I wasn't really all that surprised to see the redesign of the 135 as the previous model had been around for several years, but what caught me off guard was the announcement of a new 11.5' Ride. I have to admit I was a bit skeptical of this boat as a fishing platform. I generally like a little more length because the shorter boats tend to "walk" back and forth when you paddle aggressively. My attitude changed after spending a couple days fishing from the little brother. It was very easy to paddle and tracked better than expected. The shorter length made zig-zagging through the winding marsh sloughs a pleasure. This model has all the same great features as the 135 along with an incredible 500 lb maximum weight capacity. The cockpit stayed completely dry and standing up was just as easy in this little boat as it was in the larger model. Color me impressed.
A relative newcomer to the fishing market, Jackson Kayaks, also introduced a couple interesting new models at the Outdoor Retailer Show that will fit the bill for the standing angler. Jackson has been well established in the whitewater market for several years and initially dipped their toe into fishing with the Coosa last year. The Coosa has gained a loyal following and will now be joined by two new models for the 2012 season, the Cuda and the Big Tuna.
The Cuda is a 14' low profile sit-on-top with some pretty cool features. The hull is basically a shallow V shape with pontoons for stability. The floor of the cockpit has a 22" wide flat area for standing. It also comes with their hi/lo seating system that allows you to sit low for added stability when paddling rougher water or lift it up a few inches for increased comfort and better visibility while fishing. A long hatch down the middle of the cockpit gives you several options. You can store extra rods inside the hull or use the drop-in tank as dry storage. They've also designed a soft-sided cooler that fits inside the hatch and is large enough for a couple slot reds or enough food and drinks to last all day. My favorite feature is a sort of hood on the bow designed to protect rod tips while paddling. I've broken a couple rods and had several more close calls when marsh grass or mangrove limbs have grabbed my tips while sliding through a narrow opening. The cover ends that worry. I haven't had the chance to fish the Cuda yet, but plan on doing so as soon as FTU gets their demo model.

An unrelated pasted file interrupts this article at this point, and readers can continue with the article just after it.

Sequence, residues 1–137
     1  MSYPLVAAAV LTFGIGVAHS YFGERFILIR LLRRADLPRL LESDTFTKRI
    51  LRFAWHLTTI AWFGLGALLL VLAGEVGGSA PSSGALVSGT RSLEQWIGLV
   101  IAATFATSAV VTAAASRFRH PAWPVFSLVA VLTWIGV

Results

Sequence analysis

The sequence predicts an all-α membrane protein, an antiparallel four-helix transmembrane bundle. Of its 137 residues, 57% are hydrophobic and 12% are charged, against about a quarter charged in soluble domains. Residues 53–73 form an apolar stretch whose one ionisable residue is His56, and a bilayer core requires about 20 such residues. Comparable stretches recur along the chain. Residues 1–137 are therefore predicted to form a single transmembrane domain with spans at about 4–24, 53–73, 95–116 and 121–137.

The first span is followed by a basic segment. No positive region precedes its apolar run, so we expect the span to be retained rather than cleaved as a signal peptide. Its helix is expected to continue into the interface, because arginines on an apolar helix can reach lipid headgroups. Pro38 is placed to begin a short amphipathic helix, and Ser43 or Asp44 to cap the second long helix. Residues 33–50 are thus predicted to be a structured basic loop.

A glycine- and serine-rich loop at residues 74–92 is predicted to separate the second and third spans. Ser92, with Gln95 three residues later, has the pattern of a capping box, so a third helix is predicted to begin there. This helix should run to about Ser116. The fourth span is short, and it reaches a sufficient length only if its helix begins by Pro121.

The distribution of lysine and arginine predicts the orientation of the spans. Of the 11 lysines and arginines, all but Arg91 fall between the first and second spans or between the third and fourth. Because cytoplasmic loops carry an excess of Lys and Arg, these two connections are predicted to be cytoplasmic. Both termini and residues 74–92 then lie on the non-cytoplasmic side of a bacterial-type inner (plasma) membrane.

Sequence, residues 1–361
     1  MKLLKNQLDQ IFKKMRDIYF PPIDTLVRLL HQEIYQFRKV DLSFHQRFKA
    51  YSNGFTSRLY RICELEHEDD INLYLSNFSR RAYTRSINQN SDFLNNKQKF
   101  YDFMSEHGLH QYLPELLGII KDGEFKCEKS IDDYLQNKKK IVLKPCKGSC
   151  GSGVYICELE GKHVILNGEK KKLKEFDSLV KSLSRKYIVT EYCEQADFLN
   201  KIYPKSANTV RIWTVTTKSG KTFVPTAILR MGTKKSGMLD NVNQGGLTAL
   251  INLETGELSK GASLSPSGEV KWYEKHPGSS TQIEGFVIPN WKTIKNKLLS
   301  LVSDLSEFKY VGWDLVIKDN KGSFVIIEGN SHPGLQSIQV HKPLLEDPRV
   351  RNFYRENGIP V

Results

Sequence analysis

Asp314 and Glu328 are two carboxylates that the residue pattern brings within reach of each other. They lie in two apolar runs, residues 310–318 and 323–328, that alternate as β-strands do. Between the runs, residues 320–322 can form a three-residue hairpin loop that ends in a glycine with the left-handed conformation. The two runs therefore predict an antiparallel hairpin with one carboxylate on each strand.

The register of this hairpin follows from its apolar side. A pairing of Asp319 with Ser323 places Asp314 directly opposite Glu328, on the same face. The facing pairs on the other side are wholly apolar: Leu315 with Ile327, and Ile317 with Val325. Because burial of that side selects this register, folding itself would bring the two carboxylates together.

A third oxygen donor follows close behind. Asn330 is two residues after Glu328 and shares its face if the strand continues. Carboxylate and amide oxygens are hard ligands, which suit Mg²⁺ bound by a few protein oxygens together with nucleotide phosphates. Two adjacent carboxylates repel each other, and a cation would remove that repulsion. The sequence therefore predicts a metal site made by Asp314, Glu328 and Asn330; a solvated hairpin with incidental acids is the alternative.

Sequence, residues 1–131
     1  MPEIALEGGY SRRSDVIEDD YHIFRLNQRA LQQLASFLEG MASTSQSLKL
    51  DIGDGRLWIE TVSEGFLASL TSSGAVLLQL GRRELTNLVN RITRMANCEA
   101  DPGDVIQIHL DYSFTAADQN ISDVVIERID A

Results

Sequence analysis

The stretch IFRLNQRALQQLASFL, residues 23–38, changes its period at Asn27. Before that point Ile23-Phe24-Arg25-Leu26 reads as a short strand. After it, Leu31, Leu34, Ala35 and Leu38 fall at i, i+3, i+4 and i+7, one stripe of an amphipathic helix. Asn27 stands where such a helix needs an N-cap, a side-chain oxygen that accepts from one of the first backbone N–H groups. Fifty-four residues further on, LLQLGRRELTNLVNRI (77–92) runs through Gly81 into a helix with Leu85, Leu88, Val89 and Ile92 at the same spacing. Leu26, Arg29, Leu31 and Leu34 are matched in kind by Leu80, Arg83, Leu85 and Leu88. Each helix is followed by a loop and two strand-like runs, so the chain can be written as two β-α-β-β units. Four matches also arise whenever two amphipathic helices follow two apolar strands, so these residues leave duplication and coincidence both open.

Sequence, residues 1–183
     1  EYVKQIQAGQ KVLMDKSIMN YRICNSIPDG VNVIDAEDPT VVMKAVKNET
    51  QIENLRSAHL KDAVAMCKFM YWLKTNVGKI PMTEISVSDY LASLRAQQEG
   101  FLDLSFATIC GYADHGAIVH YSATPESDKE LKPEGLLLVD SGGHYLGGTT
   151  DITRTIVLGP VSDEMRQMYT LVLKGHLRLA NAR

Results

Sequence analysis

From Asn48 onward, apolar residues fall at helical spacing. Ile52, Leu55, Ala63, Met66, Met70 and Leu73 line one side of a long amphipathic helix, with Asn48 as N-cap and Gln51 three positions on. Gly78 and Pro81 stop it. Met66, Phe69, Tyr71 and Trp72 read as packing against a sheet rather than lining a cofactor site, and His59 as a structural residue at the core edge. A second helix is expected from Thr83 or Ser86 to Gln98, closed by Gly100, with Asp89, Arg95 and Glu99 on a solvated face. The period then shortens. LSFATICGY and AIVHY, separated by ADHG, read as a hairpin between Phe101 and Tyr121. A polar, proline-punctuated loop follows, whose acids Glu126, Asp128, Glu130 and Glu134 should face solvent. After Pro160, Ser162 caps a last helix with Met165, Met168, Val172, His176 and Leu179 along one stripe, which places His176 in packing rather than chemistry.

Jackson's other new number, the Big Tuna, is due out around the first of the year. I'm not usually a big fan of tandem kayaks for fishing, but this one might fit the bill for those of you who need to take along a youngster on occasion. The removable seats can be set up with both facing forward or with the front seat facing rearward, a nice option for keeping an eye on the little one while fishing. For the times when you want to go it alone, the front seat can be removed and the rear seat situated at the center of the kayak turning the tandem into a single. Another unique feature with this kayak is a covered thru-hull center hatch opening. A flow-through basket sits in the opening to serve as a livewell eliminating the need for carrying a bait bucket with aerator. I included the Big Tuna in this article because it also has a huge flat area for standing and is a bit wider and even more stable than the Cuda. The unique features combined with the added stability are intriguing and I'll certainly give this one a spin as soon as it's available.
If you've always wanted to try stand-up sight-fishing but weren't comfortable doing so in your current rig, you might want to demo one of these models. Being able to see your target will open up a whole new world.